Score: 6/10

Arnold Schwarzenegger, Kathryn Harrold, Darren McGavin, Sam Wanamaker, Paul Shenar, Steven Hill, Joe Regalbuto, Robert Davi, Blanche Baker, Louise Robey

Sabotage Arnold Schwarzenegger, Sam Worthington, Olivia Williams, Mireille Enos, Terrence Howard, Joe Manganiello, Josh Holloway, Harold Perrineau, Martin Donovan

Sabotage: a D.E.A. legend and his off-the-rails team of undercover NARCs are being hunted down by a cartel for skimming off $10M of the gang’s money in a recent raid. I know, I know, this one’s never going to win any awards – but in a world where studios are pussying out of 18-rated movies right, left, and center this is like a breath of fresh (or rotten) air. A dark, violent, dingy film that harks back to the 70s90s cop films that had plenty of grit and edge. From the writer of Training Day, Street Kings and End of Watch you know you’re in good hands here. Machismo’d to the rafters, there’s a whole lot of big-dick swinging, heavy swearing, ‘cop banter’ – and the women in here are strippers, ‘sluts’ or a general nuisances to the lads. The story’s not as black-and-white as it first seems, and neither are the characters – as the film balances both intense action scenes with a well-crafted thriller storyline. You either love these sort of films, or you hate ‘em; and for me, Sabotage is a decent, violent cop film with a rock-solid ensemble cast and an interesting enough story to keep you tuned in.

Score: 7/10

Escape Plan Sylvester Stallone, Arnold Schwarzenegger, Jim Caviezel, Curtis "50 Cent" Jackson, Vinnie Jones, Vincent D'Onofrio, Amy Ryan

Escape Plan: a security expert that escapes from prisons for a living is betrayed and put in an ‘INESCAPABLE’ prison – which he has to team up with Arnie to escape from. Inescapable FAIL. Even as a huge fan of ‘supercheese’, I’ve had enough of these Stallone vanity projects in which he portrays himself as a super-human, super-intelligent (has he heard himself speak?) super-cool guy that women just want to bang 24/7. You’re past you’re prime, and an average actor at best – so please stop these dude! For a no-brainer action flick about a prison-break starring two action legends it’s at least 30 minutes too long, (far too much backstory) and feels around 3 hours long. The only time it comes to life is when Arnie is on the screen – peaking in “Arnie firing a massive gun at dozens of guards and exploding shit”, and “Arnie losing his shit, in German” scenes. The director’s vision of a futuristic jail was cool (touch of Face/Off); the guards sufficiently evil-looking (touch of 300); and the main villain was suitably theatrical (touch of ridiculousness). It feels like Stallone insisted on having far too many ego-massaging, but wholly unnecessary, boring scenes into what should have been a 90-minute brain-free, action-laden, danger-zone, and Arnie’s left save this cliffhanger from falling into the pits of terribility.

Score: 4/10

Escape Plan 2 Sylvester Stallone, Arnold Schwarzenegger, Jim Caviezel, Curtis "50 Cent" Jackson, Vinnie Jones, Vincent D'Onofrio, Amy Ryan

Welcome to the Jungle (AKA The Rundown): a bounty hunter (“retrieval expert”) is pulled out of retirement for one last job, but gets draggedinto a treasure hunt in the amazon. OMG WTF Arnie one-line Cameo – within the first 90 seconds!?!?!? So this film’s got a half-decent cast: Christopher Walken (obviously totally broke) , Sean William-Scott (Stiffler forever), and Dwayne (Always The Rock) Johnson – when he was a potentially decent action hero.  The story’s fairly average, the script has some great jokes (but plenty of stinkers too), and it has the biggest ‘fall down a hill’ since Hot Rod. The film bounces along, never really knowing whether to be funny or serious – but remains fairly entertaining for the duration. The best bits that perked it up are the action scenes – there’s a few sweet fights, some clever wire-work, and other frenetic/lively moments like the boulder dash – if there’s a star to be found in this one, it’s probably the fight coordinator, Andy Cheng. Welcome to the Jungle is equally enjoyable and predictable – although at least you know what you’re getting!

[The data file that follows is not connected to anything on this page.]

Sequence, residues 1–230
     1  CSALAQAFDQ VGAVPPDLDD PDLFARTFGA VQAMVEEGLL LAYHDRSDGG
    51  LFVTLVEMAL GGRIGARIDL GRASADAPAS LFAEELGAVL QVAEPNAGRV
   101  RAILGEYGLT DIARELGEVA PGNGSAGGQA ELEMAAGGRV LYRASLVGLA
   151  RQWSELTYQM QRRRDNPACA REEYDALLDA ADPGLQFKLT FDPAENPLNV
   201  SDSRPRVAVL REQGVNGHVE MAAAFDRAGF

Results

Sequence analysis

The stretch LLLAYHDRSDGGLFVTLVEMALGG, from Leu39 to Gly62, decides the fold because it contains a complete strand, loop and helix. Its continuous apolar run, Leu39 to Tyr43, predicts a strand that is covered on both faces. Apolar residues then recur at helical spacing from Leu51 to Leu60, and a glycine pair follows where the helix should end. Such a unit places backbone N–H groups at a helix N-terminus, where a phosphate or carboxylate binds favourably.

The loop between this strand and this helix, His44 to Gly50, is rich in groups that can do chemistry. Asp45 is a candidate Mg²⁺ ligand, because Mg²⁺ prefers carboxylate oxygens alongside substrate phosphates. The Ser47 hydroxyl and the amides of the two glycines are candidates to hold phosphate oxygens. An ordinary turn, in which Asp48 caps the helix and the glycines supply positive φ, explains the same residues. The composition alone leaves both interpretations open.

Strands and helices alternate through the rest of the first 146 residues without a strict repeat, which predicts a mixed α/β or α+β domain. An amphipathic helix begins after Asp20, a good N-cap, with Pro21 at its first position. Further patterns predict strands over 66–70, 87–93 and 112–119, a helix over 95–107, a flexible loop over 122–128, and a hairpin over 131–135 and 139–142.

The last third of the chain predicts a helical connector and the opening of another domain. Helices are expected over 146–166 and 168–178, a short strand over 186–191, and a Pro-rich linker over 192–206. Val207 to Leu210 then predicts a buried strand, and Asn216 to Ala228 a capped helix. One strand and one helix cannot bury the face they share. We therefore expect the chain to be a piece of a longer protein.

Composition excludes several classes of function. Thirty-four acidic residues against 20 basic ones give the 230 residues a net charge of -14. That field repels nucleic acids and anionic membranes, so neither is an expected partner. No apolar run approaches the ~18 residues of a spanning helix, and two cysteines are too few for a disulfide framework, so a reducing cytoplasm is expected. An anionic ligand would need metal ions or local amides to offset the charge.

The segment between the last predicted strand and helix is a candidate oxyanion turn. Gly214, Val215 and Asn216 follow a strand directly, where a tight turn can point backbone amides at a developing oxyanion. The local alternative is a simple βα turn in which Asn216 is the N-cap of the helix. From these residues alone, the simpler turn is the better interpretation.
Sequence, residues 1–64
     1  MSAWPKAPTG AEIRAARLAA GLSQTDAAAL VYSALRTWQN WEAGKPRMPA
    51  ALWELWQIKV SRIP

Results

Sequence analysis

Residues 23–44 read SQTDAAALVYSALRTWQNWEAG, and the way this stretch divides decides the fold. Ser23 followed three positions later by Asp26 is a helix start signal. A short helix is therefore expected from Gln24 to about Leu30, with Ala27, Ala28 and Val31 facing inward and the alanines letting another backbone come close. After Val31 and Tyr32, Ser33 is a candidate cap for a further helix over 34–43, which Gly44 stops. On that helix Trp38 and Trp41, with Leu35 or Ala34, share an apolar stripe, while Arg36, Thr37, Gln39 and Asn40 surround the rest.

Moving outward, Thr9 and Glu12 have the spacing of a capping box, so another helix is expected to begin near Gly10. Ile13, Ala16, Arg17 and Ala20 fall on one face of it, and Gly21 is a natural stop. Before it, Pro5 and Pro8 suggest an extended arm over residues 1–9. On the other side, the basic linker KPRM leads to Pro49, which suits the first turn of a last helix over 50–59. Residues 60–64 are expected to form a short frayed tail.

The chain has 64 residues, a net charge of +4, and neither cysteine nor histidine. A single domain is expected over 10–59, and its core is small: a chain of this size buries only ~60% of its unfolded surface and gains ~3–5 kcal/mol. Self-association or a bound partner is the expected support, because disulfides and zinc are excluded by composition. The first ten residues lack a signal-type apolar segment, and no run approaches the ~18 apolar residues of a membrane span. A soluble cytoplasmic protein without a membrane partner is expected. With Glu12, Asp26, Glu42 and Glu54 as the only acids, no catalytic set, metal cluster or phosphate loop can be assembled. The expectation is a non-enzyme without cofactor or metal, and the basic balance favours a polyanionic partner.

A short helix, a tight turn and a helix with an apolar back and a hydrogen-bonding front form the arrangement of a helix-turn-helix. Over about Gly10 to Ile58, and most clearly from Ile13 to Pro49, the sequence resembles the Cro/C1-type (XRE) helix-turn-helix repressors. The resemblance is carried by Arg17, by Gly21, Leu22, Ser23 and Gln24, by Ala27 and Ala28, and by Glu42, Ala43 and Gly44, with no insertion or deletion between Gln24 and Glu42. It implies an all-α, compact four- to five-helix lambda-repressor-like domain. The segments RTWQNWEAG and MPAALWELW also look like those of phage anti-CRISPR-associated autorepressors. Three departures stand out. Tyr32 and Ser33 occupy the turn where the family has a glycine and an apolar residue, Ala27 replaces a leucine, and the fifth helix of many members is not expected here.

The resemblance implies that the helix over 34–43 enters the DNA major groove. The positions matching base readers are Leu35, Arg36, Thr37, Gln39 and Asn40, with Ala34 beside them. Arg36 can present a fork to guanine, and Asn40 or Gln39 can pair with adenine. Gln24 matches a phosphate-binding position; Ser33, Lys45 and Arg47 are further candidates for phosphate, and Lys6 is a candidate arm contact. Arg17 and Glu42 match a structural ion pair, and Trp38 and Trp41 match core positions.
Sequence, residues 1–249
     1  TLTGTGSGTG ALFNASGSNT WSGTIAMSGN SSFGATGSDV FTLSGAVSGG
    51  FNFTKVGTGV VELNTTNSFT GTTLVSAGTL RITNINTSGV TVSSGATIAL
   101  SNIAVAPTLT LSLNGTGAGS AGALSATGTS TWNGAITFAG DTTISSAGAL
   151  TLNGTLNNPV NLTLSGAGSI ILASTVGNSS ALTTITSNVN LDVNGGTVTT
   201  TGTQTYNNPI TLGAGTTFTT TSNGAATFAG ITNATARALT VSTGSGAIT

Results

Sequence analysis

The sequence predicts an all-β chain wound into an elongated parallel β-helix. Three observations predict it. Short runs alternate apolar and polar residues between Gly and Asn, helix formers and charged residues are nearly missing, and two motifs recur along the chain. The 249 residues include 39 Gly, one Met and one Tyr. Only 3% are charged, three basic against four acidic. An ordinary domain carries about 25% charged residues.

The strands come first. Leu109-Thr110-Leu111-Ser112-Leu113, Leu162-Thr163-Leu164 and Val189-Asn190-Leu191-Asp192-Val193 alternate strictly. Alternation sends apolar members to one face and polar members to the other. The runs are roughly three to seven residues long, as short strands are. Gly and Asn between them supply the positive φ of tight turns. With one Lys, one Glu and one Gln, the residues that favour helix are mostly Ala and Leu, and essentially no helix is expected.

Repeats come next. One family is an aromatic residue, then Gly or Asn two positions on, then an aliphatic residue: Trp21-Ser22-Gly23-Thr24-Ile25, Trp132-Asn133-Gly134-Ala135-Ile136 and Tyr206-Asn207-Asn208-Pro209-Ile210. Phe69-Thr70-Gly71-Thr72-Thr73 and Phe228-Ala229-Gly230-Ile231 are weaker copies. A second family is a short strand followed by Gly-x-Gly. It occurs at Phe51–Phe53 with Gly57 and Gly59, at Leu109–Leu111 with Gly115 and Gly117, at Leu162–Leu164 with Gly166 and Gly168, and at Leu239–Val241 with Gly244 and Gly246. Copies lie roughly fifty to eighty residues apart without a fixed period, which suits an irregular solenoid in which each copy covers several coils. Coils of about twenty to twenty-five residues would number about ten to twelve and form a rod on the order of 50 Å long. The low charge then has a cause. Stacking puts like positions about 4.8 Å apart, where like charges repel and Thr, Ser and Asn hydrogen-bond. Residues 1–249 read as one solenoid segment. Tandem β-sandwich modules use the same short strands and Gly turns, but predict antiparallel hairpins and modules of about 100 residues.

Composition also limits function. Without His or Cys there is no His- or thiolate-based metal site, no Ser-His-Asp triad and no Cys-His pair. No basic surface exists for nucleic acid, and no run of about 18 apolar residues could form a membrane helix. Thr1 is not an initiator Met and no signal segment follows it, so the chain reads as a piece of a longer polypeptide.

Score: 6/10

The Last Stand 1 Arnold Schwarzenegger, Forest Whitaker, Johnny Knoxville. Rodrigo Santoro, Luis Guzmán, Jaimie Alexander, Eduardo Noriega, Peter Stormare, Zach Gilford, Génesis RodríguezThe Last Stand: as an escaped cartel leader speeds towards freedom at the USA-Mexico border, his last obstacle is a badass sheriff, and his unlikely crew of deputies. It’s nothing short of jaw-dropping when you see Arnie‘s total lack of acting skill and inability to construct sentences in English, especially given his on and off-screen careers! Still, his presence and entertainment factor are still there in abundance, and far outweigh his shortcomings. The supporting cast all did a decent job, and I love how massive foreign film stars always get drafted in as default action bad-guys. For me, this was missing a lot of director’s signature style and flair, other than the odd jaunty angle, although he really shines throughout the finalé and brilliantly handled action scenes – escape sequence, shoot out – as well as general stunt driving / automotive action. There’s also, a load of funny moments, and one-liners, that are far superior to Arnie’s groan-inducing cheesy quips. A cynic would point out that The Last Stand is a formulaic ‘outumbered & out-gunned’ story, with as many rookie cop / small-town cop / FBI / Cartel tropes that you could squeeze in… but when a world-class director meets an action legend, its explosive entertainment.

Score: 7.5/10

The Last Stand 2 Arnold Schwarzenegger, Forest Whitaker, Johnny Knoxville. Rodrigo Santoro, Luis Guzmán, Jaimie Alexander, Eduardo Noriega, Peter Stormare, Zach Gilford, Génesis Rodríguez